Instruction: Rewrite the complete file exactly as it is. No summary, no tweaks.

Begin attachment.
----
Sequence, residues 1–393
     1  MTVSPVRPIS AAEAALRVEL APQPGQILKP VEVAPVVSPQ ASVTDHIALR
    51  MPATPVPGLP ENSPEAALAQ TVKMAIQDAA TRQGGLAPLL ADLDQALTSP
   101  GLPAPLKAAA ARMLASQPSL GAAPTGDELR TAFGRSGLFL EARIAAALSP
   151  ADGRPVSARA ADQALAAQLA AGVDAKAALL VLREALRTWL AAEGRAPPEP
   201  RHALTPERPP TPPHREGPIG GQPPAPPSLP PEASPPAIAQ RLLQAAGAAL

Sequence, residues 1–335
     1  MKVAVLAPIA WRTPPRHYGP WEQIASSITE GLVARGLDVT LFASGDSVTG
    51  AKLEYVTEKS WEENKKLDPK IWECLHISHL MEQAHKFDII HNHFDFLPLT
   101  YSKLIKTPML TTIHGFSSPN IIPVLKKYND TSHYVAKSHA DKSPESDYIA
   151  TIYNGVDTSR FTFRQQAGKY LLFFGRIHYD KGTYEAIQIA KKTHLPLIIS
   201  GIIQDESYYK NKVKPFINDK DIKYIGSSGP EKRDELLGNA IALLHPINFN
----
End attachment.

Sequence, residues 1–393
     1  MTVSPVRPIS AAEAALRVEL APQPGQILKP VEVAPVVSPQ ASVTDHIALR
    51  MPATPVPGLP ENSPEAALAQ TVKMAIQDAA TRQGGLAPLL ADLDQALTSP
   101  GLPAPLKAAA ARMLASQPSL GAAPTGDELR TAFGRSGLFL EARIAAALSP
   151  ADGRPVSARA ADQALAAQLA AGVDAKAALL VLREALRTWL AAEGRAPPEP
   201  RHALTPERPP TPPHREGPIG GQPPAPPSLP PEASPPAIAQ RLLQAAGAAL

Sequence, residues 1–335
     1  MKVAVLAPIA WRTPPRHYGP WEQIASSITE GLVARGLDVT LFASGDSVTG
    51  AKLEYVTEKS WEENKKLDPK IWECLHISHL MEQAHKFDII HNHFDFLPLT
   101  YSKLIKTPML TTIHGFSSPN IIPVLKKYND TSHYVAKSHA DKSPESDYIA
   151  TIYNGVDTSR FTFRQQAGKY LLFFGRIHYD KGTYEAIQIA KKTHLPLIIS
   201  GIIQDESYYK NKVKPFINDK DIKYIGSSGP EKRDELLGNA IALLHPINFN